"It is well known that when dietary carbohydrate is converted to fat by de novo synthesis the obligatory cost is 23% of original calories from carbohydrate, whereas the cost of carbohydrate storage as glycogen is only 7%. The cost of deposition in adipose tissue of dietary fatty acids as triglyceride, in contrast, is only 3%."Okay, so...
If we eat 50 calories of sugar (about 3.3 teaspoons):
- We spend about 11.5 calories storing it as fat, or
- We spend about 3.5 calories storing it as glycogen (the storage form of glucose in humans).
- We spend about 1.5 calories storing it as fat.
- Eating 50 calories of carb leaves us with only 38.5 calories of stored fat. (Eating 100 calories of carb leaves us with only 77.)
- Eating 50 calories of fat leaves us with fully 48.5 calories of stored fat, almost the entire amount. (Eating 100 calories of fat leaves us with 97.)
Of course, it's not this simple. Everyone's physiology is different. We all digest and absorb in different ways and at different rates. How and how much of a nutrient we absorb is also dependant upon the form in which it's presented* and what other nutrients and items are simultaneously present. How, and whether, and into what form those nutrients are deposited also varies by individual. It's not straightforward.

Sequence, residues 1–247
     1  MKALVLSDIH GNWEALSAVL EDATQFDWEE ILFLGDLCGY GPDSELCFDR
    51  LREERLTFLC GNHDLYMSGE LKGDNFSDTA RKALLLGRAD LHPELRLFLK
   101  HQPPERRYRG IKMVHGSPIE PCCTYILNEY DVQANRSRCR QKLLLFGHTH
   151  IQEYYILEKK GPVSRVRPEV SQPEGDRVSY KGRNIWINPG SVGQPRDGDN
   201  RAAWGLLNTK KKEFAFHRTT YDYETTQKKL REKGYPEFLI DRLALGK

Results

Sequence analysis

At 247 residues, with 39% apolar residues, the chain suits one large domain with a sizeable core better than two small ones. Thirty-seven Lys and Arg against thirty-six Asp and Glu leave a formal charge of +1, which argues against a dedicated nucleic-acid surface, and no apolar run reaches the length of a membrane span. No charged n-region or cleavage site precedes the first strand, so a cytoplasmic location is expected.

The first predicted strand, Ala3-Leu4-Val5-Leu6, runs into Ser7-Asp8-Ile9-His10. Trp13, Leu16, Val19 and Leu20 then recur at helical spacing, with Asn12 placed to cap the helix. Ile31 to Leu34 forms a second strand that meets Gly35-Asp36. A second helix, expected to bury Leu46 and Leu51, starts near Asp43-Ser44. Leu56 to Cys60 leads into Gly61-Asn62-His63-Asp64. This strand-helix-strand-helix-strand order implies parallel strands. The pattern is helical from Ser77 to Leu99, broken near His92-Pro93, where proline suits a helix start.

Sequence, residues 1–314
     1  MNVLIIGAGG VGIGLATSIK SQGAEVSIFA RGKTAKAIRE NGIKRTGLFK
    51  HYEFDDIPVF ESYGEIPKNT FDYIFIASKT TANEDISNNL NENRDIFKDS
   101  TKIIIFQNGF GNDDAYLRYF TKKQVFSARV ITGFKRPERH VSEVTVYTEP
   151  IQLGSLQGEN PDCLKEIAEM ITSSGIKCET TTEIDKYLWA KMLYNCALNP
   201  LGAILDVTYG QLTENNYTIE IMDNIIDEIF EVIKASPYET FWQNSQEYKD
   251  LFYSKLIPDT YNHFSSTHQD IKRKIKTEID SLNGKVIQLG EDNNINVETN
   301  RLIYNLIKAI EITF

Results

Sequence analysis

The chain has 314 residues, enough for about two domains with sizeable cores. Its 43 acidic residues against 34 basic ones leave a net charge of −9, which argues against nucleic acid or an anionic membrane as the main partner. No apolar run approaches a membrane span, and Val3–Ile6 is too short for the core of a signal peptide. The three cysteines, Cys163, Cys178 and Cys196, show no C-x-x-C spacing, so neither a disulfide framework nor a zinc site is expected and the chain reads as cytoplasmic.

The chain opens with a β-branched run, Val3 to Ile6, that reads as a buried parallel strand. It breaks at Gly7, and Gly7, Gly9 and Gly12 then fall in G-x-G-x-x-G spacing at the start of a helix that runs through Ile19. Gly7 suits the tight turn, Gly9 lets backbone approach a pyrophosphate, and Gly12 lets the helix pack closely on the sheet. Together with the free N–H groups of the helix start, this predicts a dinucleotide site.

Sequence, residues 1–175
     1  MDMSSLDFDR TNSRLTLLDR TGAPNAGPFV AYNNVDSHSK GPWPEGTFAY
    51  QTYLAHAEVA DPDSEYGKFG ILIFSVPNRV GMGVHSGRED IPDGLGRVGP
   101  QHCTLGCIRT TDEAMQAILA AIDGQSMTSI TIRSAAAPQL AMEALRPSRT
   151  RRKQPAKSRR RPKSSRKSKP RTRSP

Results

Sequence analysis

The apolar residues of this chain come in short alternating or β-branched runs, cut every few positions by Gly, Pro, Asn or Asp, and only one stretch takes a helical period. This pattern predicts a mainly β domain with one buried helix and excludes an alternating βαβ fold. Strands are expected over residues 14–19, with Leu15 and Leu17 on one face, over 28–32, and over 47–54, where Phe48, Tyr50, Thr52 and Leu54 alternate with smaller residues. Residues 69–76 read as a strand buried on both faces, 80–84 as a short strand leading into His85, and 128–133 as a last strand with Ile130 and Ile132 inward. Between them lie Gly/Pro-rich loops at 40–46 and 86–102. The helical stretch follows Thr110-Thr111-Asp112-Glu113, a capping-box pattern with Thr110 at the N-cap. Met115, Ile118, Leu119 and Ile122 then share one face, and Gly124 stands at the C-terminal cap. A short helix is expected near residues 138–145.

Nonetheless, I do wonder if any of this will affect Chris Voight's post-lab results. (Voight is eating 20 potatoes a day for 60 days. Here are his pre-potato lab results.)
*For example, we absorb fewer calories from a given sample of starch if it is in the form of resistant starch. Starch can, in fact, be made more resistant to our digestion by heating it and allowing it to cool before ingesting, e.g. we absorb fewer calories from cold pasta than we do from that same pasta if it was hot.